Houses Cannot Be Robbed, and Gitarzan

Houses cannot be robbed

Okay, I saw it again last night. An author, obviously in a confused state of mind, wrote a scene where the victim’s home was robbed. No. NO. A thousand times NO!

Robbery and burglary are not the same. The two have entirely different meanings. The two crimes are totally different. Again, they are not the same. Not even close. Not. The. Same.

I’ll explain again, so please, my dear friends, take notes. Write this down somewhere. Make a mental note. Use a pocket knife to scratch the words deep into your dining room table top. Paint it on your walls. Erect a sign in your yard. Do whatever it takes to help you remember this…

Robbery occurs when a crook uses physical force, threat, or intimidation to steal someone’s property from them. If the robber uses a weapon the crime then becomes an armed robbery, or aggravated robbery, depending on local law. There is always a victim present during a robbery.

For example, you are walking down the street whistling a romantic Metallica tune, when a tall, dark, and severely ugly guy approaches, brandishing a rocket-propelled grenade launcher. He demands your money. That’s robbery. The bad guy forced you to hand over your hard-earned cash. You were scared and intimidated. You were one-on-one with the robber. Face to face. You saw him and he saw you. You were fairly certain that he would do something bad to you if you didn’t hand over your wallet. This was a stick up. A holdup. THIS WAS A ROBBERY, AND THE GUY WHO TOOK YOUR CASH WAS A ROBBER.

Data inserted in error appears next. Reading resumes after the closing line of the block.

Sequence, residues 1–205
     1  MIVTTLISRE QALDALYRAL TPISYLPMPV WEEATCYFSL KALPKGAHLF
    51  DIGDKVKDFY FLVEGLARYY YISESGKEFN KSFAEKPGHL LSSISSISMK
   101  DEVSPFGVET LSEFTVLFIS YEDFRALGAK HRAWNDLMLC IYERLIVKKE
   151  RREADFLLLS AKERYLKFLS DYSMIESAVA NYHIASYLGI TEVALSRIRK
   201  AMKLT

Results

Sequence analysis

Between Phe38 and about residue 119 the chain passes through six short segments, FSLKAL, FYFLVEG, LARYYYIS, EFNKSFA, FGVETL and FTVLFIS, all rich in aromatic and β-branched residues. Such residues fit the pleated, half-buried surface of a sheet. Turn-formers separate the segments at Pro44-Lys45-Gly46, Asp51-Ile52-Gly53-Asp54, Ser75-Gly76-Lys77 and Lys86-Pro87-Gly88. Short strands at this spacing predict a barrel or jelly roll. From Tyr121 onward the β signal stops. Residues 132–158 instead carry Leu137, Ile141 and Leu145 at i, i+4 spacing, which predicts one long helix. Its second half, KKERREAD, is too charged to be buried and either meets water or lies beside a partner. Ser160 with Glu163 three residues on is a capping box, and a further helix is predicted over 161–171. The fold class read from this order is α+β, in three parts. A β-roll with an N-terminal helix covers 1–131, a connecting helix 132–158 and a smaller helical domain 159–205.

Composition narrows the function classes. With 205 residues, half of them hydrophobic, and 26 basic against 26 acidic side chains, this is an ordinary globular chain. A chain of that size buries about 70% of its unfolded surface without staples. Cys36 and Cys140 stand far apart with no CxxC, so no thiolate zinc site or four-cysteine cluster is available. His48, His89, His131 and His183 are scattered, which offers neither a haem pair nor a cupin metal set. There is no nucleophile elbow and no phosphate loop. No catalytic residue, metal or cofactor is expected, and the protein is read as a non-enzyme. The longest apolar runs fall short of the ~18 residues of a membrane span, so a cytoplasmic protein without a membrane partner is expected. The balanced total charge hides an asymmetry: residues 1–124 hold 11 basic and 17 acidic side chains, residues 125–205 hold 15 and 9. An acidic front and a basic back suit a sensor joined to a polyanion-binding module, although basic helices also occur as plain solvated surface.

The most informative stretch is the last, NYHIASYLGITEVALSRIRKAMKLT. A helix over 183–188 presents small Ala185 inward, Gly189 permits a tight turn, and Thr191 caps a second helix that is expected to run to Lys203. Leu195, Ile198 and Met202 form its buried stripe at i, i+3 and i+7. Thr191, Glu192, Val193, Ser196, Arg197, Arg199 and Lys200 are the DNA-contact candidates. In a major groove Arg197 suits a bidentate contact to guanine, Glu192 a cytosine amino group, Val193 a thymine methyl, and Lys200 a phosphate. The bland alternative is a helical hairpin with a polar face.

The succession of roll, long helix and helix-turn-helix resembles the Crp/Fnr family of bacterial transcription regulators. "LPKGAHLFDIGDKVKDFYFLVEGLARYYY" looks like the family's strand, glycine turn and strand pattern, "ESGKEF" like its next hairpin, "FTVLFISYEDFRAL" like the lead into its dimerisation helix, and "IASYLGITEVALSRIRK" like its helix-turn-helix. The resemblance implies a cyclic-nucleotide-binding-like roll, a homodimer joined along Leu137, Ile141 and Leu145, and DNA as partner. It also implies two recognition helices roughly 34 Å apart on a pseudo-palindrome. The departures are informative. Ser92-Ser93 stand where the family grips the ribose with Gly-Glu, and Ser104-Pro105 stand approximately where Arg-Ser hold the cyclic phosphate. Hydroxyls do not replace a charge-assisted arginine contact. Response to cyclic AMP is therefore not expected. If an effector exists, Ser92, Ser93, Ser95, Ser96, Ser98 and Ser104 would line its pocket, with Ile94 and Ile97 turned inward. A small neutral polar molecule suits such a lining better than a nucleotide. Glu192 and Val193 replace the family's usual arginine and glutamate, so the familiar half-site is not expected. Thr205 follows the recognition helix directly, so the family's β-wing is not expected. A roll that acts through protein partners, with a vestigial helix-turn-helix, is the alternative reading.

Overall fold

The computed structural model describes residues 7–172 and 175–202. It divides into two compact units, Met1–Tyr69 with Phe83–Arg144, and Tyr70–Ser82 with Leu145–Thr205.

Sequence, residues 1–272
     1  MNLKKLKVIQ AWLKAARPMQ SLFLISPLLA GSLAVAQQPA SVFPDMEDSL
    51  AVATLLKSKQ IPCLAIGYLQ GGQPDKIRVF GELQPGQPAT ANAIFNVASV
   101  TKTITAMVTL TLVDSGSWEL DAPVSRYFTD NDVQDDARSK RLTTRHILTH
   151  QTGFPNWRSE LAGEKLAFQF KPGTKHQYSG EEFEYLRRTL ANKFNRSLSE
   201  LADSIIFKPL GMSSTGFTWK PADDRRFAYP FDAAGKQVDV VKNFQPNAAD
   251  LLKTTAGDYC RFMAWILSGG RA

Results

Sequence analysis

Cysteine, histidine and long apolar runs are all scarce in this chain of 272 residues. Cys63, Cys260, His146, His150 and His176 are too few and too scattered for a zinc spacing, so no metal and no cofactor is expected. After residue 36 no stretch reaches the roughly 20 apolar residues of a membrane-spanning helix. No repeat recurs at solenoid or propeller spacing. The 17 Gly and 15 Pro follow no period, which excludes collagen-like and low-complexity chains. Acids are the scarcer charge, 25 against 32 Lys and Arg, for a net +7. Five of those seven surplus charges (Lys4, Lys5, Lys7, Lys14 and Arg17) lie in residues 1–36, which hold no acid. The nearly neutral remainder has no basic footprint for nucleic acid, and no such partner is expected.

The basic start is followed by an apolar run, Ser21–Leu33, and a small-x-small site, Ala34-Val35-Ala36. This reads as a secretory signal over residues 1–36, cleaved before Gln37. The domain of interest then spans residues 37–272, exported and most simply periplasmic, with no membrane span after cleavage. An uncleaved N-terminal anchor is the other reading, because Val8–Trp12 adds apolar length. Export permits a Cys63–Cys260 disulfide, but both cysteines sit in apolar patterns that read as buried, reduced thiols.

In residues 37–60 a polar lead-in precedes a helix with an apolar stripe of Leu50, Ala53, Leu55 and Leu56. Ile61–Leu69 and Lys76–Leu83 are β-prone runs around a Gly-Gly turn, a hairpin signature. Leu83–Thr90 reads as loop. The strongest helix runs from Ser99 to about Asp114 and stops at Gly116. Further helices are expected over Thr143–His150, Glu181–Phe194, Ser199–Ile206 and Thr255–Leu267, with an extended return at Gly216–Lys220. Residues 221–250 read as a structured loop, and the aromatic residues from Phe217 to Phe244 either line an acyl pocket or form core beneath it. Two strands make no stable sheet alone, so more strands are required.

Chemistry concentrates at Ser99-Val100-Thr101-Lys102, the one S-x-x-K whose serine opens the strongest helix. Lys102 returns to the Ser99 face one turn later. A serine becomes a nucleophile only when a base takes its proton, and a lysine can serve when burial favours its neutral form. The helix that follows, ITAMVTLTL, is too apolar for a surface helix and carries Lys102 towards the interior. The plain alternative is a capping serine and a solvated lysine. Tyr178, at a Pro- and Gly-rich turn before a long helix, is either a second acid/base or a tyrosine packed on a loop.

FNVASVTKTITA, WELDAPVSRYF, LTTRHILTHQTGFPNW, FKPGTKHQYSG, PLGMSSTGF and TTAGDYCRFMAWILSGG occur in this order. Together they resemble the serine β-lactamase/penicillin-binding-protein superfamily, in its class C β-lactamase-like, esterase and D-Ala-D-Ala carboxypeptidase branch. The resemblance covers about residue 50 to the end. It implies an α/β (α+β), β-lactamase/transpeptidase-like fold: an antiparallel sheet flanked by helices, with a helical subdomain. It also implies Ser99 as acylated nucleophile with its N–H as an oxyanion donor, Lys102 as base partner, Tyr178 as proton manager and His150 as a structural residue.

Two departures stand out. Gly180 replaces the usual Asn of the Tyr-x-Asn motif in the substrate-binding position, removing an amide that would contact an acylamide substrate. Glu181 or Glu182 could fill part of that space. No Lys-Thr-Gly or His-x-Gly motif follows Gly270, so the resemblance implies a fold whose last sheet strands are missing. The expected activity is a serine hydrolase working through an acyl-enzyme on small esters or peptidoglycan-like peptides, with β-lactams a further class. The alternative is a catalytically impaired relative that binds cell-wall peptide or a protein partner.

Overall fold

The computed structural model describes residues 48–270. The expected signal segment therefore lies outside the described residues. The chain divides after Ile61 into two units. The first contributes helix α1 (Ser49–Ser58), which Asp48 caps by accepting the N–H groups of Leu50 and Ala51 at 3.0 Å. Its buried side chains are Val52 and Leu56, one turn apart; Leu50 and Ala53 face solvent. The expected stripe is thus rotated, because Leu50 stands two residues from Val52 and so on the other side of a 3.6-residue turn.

Burglary is an unlawful entry into any building with the intent to commit a crime. Normally, there is no one inside the building when a burglary occurs. No physical breaking and entering is required to commit a burglary. A simple trespass through an open door or window, and the theft of an item or items, is all that’s necessary to meet the requirements of burglary.

For example, you are out for the night and someone breaks into your home and steals your television. That’s a burglary. Even if you are at home asleep in your bed when the same crime occurs, it’s a burglary because you weren’t actually threatened by anyone. Also, the bad guy didn’t take the item directly from you. There was no face time with the TV thief. He slipped in, grabbed the flat screen, and then slipped away into the night. This guy is a burglar. He did not use threats or intimidation. You weren’t scared of him because you didn’t know he was there.

Another example. You park your car in the lot at the local PigOut Grocery And Underwear Emporium. You lock your car doors and go inside to pick up a jumbo jar of pickled pigs feet, a bag of barbecue flavored Funyons, and a pair of those Horton Hears A Who BVD’s you’ve been saving for. When you return to your car you see this…

Your car was NOT robbed. It was a burglar who broke in and stole your entire Weird Al and Ray Stevens CD collection, and the brand new Elvis on black velvet portrait you’d bought to hang over the greasy stain on the wall above the hide-a-bed in your mom’s basement.

So, have you got it now?

Just in case, one last review.

Houses, stores, cars, trailers, RV’s, boats, scooters, bobsleds, tricycles, skateboards, and other inanimate objects CANNOT be robbed. People are robbed. Robbers steal directly from people.

Houses are burglarized. Burglars break in or sneak in, and steal.

Besides, how silly would it be for a robber to point his gun at your house or car and say, “Stick ’em up!”

Now, until your CD’s are returned…